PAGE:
UK retail sales slump in new lockdown, borrowing less than expected

  • Retail sales volumes fell 8.2% compared with December, a far bigger fall than the 2.5% decrease forecast in a Reuters poll of economists and the second largest on record after the fall in April 2020, at the start of the pandemic.

British retail sales tumbled in January as non-essential shops went back into lockdowns, official data showed, but lower-than-expected public borrowing offered some relief to finance minister Rishi Sunak as he prepares a budget plan.

Retail sales volumes fell 8.2% compared with December, a far bigger fall than the 2.5% decrease forecast in a Reuters poll of economists and the second largest on record after the fall in April 2020, at the start of the pandemic.

"The decrease seen this time was not as large as that of the first lockdown, as some stores have adapted to the current circumstances, with services such as click-and-collect helping to cushion the fall," ONS statistician Jonathan Athow said.

The Office for National Statistics also said public sector borrowing for January came in at 8.8 billion pounds ($12.3 billion), its first January deficit in a decade, but a lot less than a forecast of 24.5 billion pounds in the Reuters poll.

That took borrowing since the start of the financial year in April to 270.6 billion pounds, reflecting the huge increase in spending and tax cuts ordered by Sunak since the start of the pandemic.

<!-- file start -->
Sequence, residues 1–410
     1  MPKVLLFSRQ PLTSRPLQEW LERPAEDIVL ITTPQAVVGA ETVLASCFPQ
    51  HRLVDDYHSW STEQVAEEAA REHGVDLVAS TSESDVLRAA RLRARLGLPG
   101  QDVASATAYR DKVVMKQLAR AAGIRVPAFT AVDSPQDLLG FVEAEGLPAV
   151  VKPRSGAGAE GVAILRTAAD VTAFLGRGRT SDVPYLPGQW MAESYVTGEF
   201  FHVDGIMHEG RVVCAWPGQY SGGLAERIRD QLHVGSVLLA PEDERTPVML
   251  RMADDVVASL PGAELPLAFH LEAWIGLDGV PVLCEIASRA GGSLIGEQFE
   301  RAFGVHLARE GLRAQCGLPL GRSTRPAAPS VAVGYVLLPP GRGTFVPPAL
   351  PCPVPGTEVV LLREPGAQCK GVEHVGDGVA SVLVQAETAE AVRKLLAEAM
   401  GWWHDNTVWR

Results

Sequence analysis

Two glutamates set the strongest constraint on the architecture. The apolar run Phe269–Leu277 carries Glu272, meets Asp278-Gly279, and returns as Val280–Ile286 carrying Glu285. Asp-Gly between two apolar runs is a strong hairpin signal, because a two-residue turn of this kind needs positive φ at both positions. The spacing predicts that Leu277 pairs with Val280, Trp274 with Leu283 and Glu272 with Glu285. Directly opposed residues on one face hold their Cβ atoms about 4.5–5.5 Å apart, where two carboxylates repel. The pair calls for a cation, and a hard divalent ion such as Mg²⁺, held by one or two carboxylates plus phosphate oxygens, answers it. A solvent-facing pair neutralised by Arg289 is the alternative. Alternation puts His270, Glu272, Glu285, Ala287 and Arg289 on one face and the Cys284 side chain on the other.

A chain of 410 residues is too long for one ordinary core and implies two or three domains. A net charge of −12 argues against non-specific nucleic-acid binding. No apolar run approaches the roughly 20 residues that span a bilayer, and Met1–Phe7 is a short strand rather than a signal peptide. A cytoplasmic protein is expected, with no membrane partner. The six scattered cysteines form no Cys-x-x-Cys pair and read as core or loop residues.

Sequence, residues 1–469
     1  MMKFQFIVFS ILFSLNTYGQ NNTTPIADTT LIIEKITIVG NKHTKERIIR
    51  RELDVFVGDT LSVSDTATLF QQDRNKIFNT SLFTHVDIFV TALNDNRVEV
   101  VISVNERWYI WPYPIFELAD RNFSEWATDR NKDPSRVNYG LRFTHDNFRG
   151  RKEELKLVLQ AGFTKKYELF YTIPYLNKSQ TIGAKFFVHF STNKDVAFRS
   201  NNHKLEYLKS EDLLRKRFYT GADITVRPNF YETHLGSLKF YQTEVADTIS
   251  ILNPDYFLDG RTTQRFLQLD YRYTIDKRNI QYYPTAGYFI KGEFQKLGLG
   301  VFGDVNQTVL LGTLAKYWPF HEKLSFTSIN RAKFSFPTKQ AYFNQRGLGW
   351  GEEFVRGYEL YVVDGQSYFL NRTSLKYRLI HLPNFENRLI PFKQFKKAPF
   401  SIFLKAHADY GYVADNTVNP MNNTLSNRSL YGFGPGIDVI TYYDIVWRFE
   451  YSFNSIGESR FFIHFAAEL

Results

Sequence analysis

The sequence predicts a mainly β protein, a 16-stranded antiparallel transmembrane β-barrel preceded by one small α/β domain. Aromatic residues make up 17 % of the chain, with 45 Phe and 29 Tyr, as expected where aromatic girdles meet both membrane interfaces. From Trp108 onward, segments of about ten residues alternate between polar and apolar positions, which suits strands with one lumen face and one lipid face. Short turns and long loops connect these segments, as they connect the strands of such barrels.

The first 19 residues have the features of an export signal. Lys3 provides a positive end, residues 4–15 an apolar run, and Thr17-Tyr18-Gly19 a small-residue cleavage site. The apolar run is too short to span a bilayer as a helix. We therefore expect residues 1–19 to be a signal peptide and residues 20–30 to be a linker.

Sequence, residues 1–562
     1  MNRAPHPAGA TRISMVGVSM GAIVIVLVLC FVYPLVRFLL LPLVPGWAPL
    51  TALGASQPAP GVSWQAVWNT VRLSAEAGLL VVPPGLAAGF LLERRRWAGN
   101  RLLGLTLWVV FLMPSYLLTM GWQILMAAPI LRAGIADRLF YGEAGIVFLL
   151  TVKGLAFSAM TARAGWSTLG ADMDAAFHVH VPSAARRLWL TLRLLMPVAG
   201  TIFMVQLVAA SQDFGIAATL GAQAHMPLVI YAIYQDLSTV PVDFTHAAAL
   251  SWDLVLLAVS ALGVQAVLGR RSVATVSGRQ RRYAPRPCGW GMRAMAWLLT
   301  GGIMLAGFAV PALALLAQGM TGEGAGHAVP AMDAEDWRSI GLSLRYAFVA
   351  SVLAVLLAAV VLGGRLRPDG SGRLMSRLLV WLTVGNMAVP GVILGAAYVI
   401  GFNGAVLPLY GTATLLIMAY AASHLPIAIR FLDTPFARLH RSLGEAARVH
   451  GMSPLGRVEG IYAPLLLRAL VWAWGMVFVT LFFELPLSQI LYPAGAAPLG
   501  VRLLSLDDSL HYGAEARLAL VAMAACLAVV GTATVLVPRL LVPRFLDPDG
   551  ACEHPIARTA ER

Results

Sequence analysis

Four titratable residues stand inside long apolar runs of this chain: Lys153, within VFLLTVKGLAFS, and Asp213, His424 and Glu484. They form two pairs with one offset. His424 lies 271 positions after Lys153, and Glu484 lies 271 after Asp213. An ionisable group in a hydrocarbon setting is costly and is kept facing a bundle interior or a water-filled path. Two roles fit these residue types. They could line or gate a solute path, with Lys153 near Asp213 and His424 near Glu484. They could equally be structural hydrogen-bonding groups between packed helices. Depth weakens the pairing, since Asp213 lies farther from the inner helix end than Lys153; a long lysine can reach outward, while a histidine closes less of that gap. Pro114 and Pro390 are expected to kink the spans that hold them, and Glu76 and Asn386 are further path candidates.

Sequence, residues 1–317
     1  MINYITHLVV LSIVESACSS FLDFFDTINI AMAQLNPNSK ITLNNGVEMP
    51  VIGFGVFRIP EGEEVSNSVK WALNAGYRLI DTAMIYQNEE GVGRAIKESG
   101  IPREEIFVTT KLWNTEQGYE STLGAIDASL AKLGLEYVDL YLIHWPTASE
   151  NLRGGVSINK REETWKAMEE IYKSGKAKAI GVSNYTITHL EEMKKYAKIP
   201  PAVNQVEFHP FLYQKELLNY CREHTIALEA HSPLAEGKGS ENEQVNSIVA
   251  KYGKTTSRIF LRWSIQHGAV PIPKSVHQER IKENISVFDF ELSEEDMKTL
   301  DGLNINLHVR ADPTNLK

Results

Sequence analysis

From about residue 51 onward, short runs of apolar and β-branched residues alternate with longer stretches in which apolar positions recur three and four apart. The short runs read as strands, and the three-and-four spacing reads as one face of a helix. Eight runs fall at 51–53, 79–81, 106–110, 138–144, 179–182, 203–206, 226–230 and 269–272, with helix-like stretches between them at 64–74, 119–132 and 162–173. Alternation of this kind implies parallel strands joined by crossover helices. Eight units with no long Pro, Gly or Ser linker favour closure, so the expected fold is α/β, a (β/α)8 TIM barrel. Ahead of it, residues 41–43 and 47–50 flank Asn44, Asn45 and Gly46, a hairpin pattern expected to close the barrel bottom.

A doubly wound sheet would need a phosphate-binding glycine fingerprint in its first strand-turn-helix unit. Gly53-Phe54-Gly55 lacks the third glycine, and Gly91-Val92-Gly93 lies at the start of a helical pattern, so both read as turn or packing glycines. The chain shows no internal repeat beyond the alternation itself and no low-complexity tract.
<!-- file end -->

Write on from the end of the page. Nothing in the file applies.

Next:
Sunak is due to announce his next spending and tax plans on March 3 when he is expected to extend the government's wages subsidies, at least for the hardest-hit sectors of the economy.

The ONS data also showed public debt rose to 2.115 trillion pounds or 97.9% of gross domestic product, a share not seen since the early 1960s.

Britain's economy – which had its biggest slump in 300 years in 2020 when it shrank by 10% – is on course to contract by 4% in the first three months of 2021, according to the Bank of England, due to the latest lockdowns.

Prime Minister Boris Johnson has said he will lift the lockdown in England only gradually.

But Britain's rollout of COVID-19 vaccinations – Europe's fastest program so far – has raised the prospect of a bounce-back later this year.

A survey published earlier on Friday showed British consumers were their most confident since the COVID-19 pandemic struck almost a year ago.

Friday's ONS data showed the month-on-month fall in retail sales between December and January was steeper than a fall of 4.0% in November, when non-essential retailers were also closed.

In April last year, shortly after the first lockdown began, sales volumes plunged 18.0%.

Sales in January were down 5.9% compared with the same month in 2020.

Department stores and clothing stores saw the sharpest fall in sales last month, while online shopping rose to its highest ever share of total spending at 35.2%.

Source: Read Full Article